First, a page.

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Starring: Spencer Tracy, Joan Bennett, Elizabeth Taylor
Screenplay: Francis Goodrich, Albert Hackett, from the novel by Edward Streeter
Director: Vincente Minelli
TCM has Spencer Tracy as its featured star this month, and while I’ve always liked him, I’ve only seen a handful of his films. Most people my age probably think of the 1991 Steve Martin remake, which is pretty good, but the original is better. Tracy plays Stanley Banks, an upper middle class lawyer whose daughter Kay (a lovely young Taylor) has fallen for a tall, kind of milquetoast guy named Buckley, and they announce plans to marry. The film is a series of mostly comedic scenes of Stanley dealing with the increasingly expensive, out-of-control wedding planning and reception, alternating with more serious scenes where he worries about losing his little girl.
In his day, Tracy was the most respected actor going, and so successful that he had significant power with his main studio of the late ’30s to mid-’50s, MGM. He originally turned the film down when he learned Jack Benny had been offered a screen test, though that was largely ceremonial and Tracy was the clear front-runner. The few stories I know of Tracy reveal a curmudgeon who nonetheless had some of his greatest successes from films he initially refused. While Benny would probably have been fine with the comedy, Tracy matches him for the slow burns and deadpan delivery of a put-upon father and husband, and then brings a warmth and affection that I doubt Benny could have mustered. His relationship with Taylor in the film not only feels real, there was a certain amount of truth to it, as he befriended her on the film and gave her fatherly advice on her impending marriage to hotel heir Nicky Hilton, her first husband. They remained friends until his death.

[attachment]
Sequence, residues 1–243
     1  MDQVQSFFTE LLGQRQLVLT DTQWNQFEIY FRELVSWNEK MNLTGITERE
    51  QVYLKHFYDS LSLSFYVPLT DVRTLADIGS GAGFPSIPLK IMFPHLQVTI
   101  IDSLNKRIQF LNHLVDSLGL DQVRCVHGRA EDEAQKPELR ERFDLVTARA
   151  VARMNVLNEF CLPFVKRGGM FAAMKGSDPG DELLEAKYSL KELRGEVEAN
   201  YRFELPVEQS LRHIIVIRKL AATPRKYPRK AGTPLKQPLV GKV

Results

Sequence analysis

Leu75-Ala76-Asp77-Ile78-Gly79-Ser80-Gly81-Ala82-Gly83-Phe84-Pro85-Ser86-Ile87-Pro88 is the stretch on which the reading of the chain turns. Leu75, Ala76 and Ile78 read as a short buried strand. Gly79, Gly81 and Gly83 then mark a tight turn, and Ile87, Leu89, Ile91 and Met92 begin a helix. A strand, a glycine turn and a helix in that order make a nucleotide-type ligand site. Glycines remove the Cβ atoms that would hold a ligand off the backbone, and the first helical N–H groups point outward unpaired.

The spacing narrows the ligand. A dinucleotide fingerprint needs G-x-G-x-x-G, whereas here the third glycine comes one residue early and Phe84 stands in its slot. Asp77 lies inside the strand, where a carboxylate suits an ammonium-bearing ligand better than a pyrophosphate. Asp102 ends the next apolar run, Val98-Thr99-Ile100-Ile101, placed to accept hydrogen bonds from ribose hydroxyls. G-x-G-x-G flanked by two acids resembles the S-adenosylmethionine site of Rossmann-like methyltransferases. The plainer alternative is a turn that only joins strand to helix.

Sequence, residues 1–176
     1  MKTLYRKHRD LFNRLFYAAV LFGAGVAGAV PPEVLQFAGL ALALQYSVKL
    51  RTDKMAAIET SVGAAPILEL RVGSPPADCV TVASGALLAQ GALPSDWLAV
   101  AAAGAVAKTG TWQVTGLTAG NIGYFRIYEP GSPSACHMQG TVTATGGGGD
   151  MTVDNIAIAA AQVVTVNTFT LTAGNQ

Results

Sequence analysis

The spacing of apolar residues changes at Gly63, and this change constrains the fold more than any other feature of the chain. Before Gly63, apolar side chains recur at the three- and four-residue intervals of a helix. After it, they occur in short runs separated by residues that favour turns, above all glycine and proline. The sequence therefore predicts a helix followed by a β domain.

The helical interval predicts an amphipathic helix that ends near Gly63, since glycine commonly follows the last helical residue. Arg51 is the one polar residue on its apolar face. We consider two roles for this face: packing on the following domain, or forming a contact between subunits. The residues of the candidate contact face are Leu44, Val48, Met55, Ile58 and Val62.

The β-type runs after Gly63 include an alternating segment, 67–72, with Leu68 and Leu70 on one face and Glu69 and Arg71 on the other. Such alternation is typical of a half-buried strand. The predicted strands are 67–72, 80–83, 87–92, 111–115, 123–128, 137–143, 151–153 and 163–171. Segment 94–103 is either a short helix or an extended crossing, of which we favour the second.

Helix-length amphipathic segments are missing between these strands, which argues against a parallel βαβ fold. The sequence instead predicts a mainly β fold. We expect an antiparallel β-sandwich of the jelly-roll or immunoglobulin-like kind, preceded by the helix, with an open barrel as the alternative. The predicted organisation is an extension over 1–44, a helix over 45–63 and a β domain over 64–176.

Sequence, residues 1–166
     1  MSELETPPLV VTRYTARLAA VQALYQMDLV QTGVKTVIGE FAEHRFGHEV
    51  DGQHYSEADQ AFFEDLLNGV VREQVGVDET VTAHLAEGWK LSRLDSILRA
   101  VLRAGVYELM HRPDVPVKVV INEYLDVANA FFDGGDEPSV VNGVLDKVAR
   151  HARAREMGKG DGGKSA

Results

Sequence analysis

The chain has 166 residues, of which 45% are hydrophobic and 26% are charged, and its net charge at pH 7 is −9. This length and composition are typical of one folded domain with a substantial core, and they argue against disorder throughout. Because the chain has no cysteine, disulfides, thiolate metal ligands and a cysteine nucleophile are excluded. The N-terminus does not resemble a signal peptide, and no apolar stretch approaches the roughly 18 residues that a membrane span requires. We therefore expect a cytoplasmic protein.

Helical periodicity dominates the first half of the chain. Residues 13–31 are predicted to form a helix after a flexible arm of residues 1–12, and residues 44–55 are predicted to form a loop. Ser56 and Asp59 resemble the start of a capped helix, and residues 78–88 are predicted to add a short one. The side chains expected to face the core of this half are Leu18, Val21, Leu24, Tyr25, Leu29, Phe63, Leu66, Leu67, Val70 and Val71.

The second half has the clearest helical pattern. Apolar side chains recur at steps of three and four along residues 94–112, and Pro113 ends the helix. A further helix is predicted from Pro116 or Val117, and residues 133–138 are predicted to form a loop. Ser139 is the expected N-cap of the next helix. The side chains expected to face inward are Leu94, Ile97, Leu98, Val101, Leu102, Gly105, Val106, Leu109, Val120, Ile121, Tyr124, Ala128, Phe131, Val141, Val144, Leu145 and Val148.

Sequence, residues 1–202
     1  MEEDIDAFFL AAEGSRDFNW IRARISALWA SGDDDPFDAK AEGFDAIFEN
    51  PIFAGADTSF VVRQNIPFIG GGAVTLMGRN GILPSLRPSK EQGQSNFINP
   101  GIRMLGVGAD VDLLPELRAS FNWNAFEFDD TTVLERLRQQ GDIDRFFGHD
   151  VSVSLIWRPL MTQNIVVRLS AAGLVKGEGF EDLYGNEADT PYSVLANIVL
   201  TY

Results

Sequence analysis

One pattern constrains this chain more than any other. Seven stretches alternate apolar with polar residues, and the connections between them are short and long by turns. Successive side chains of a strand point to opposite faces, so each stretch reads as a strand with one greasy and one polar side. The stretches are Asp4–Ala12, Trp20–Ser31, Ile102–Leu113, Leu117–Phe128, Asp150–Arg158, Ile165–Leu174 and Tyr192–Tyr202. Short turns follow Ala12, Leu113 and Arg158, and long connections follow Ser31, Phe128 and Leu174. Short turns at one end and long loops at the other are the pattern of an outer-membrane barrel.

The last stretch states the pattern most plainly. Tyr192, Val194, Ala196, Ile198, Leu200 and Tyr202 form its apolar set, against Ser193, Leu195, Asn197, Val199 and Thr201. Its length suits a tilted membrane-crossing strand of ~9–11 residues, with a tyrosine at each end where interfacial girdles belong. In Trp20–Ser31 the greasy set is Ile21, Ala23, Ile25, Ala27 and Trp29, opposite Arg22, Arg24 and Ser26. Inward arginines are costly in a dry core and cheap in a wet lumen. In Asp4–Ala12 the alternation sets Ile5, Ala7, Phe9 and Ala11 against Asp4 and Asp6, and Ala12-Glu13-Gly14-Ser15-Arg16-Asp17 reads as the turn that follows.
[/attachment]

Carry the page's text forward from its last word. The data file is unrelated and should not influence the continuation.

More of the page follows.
While the comedic scenes here would play as rather mild today (they hold the reception in their home and George thinks he’s prepared by making a tray of martinis, only to find every guest wants something else, forcing him to be stuck in the kitchen as bartender for the entire evening), they all work well, and there’s even a kind of humorous nightmare sequence where George dreams of not being able to make it down the aisle, his feet sinking in the spongy floor, his pants stuck and stretched until they’re pulled off, leaving him writhing on the floor in his civvies. Minelli has a sure hand throughout the film, aided immensely by the cinematography of the great John Alton.
Sure, there’s a little bit of a patronizing attitude towards women (Kay claims the wedding is off and it turns out to be a silly argument over where they’re having their honeymoon), and the financial concerns don’t hold much water when we see they can hold 200 people in their house for the reception, but it’s a sweet and consistently funny film.